Every employer wants to recruit the very best people in their industry. Unfortunately, an organization’s internal processes are not always designed to support effective and efficient hiring. Hiring is a very important process for any company looking to get the most out of their employees.
Think about it. You are meeting potential employees for the first time and all you know about them is what they are going to reveal to you. They could become anything after they get the job. A poor recruitment strategy can cost you dearly both during the actual process and later when your new employee gets down to work.
Below are common mistakes you should avoid when recruiting new workers for your company:
- Not being clear on the job description
Employees work by the job description given to them on the day they are hired. To avoid conflicts and potential lawsuits with your new recruits, be sure to include all their duties in their job description.
For you, it may seem like common sense that every worker should be responsible for keeping their workspace tidy, but your new employee may not see it that way. If you didn’t include it in their job description, they would be quite within their rights to refuse to do it.
If you are worried you could unconsciously omit some things or perhaps break the law while preparing a new employee’s job description, employment lawyer Ravi Sattiraju strongly believes that you should hire an attorney to help you go about the general hiring process without stepping outside the boundaries of the relevant law.
- Inadequate preparation
The interview usually consumes the largest amount of time in employee recruitment. You need to be prepared with questions that will truly lay bare the technical proficiency of each candidate for better assessment. If you are having trouble coming up with a good questionnaire, consult your HR advisor and other senior members of your team for advice.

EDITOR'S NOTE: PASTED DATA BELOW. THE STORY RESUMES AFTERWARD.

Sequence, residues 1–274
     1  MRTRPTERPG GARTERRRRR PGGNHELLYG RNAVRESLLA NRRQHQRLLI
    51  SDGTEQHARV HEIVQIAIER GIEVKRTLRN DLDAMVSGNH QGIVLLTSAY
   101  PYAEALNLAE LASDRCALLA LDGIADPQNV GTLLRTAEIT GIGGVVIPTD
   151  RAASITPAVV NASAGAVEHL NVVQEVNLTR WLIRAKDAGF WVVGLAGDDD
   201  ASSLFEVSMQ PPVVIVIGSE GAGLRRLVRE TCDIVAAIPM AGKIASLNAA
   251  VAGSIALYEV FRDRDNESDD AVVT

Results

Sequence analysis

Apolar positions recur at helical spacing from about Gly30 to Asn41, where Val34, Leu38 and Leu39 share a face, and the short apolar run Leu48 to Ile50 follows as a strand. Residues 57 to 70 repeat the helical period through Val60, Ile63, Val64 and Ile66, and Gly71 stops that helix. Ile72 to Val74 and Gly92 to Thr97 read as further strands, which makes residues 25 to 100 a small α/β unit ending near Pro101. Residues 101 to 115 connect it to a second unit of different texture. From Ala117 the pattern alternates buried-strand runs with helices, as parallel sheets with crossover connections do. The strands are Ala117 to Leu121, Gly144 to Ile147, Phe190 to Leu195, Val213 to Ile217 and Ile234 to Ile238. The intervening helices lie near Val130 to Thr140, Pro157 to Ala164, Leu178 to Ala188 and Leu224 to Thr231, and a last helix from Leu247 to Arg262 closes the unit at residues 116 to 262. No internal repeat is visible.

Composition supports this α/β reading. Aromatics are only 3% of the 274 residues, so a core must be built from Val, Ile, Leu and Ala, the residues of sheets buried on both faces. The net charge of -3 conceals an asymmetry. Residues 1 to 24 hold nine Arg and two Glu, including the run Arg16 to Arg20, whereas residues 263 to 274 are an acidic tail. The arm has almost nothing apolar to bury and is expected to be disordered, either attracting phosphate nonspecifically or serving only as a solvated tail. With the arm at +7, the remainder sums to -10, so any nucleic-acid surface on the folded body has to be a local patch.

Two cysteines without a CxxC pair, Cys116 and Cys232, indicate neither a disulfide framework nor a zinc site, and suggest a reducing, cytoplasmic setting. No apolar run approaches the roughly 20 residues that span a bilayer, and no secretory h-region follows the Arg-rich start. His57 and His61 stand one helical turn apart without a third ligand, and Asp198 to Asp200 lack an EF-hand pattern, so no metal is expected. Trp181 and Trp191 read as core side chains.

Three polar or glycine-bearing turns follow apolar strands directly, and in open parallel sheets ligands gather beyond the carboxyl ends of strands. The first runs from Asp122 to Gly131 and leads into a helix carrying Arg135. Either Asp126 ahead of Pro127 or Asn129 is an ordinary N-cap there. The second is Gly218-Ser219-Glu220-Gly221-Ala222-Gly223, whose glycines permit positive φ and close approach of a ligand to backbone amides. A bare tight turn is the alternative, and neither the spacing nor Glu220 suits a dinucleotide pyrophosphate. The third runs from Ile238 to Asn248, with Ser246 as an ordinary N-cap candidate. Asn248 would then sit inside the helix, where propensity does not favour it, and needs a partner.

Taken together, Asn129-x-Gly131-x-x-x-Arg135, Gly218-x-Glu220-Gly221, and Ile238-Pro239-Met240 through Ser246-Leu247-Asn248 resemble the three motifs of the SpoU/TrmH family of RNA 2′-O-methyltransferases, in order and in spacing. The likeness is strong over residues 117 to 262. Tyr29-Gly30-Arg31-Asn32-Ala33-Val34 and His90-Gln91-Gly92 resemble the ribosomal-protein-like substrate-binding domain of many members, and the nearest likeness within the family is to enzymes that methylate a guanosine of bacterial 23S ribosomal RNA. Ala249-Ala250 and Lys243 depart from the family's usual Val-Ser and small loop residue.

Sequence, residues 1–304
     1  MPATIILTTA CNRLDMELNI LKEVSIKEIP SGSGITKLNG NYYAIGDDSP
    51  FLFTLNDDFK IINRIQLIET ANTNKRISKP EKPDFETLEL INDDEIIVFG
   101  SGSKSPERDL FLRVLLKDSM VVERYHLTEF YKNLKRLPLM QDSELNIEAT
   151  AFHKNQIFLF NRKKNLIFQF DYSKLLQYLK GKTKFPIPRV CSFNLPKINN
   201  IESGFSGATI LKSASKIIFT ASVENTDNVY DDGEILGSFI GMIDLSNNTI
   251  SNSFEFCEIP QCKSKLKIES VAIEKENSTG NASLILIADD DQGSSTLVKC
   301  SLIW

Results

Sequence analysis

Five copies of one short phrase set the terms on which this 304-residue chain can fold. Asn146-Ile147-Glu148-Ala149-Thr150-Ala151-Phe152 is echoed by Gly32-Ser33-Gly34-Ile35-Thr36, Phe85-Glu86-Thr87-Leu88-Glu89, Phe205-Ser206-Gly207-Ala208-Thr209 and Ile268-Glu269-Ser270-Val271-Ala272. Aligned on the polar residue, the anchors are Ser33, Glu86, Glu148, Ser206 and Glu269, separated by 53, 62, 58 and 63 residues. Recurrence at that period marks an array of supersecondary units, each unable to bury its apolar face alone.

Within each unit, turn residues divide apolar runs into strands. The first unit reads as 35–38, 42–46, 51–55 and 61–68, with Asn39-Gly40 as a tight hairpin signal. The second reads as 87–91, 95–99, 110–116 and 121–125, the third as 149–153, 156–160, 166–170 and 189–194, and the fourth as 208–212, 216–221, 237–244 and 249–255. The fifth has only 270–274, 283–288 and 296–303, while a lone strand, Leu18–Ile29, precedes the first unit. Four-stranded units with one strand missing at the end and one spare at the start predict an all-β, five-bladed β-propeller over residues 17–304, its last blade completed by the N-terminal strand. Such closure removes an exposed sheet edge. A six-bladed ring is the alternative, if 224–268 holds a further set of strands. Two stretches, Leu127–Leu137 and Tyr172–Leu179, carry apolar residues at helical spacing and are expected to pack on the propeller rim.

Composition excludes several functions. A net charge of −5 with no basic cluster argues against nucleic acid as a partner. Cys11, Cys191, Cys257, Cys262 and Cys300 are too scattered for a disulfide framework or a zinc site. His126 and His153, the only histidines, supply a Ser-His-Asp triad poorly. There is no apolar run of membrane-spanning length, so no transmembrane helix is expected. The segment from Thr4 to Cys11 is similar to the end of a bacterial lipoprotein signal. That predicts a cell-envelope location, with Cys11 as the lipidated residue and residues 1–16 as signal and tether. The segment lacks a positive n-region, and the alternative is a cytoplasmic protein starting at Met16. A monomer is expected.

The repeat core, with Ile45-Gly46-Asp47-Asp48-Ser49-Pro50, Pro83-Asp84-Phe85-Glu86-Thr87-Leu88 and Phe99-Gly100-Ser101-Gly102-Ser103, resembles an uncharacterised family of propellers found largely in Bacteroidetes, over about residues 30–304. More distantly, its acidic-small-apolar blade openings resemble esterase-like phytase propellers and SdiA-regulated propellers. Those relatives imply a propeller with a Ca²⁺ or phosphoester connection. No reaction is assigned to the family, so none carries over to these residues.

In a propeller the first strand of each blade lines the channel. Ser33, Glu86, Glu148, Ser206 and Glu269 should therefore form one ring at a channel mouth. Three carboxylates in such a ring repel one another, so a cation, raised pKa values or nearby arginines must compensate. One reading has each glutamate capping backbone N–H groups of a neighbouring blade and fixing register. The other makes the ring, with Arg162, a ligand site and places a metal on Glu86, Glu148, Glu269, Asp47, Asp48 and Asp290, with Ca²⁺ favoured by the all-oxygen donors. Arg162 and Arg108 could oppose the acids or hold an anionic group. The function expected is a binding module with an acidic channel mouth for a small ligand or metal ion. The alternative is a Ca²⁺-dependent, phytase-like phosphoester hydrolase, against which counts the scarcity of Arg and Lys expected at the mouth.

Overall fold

- Hiring in your own image
It is natural for humans to be attracted to people who think, talk, or act like them, but company managers should know better. A good team is one that is made up of people who possess varying talents and abilities. Look for brilliant minds that don’t view things from the same angle as you. That way, you have more eyes focusing on different aspects of your company so that you can implement the best solutions.
- Giving culture too much weight
Company culture is important, but don’t let it lead you into passing up great candidates for below-par but culturally-fitting ones. Good candidates should be talented and flexible in equal measure. It may prove easier to teach a new employee your company culture than instilling competence in them. What’s more, a new employee, probably from another company, may come in with a different way of doing things and make you realize that your pre-existing staff was actually operating under a destructive culture.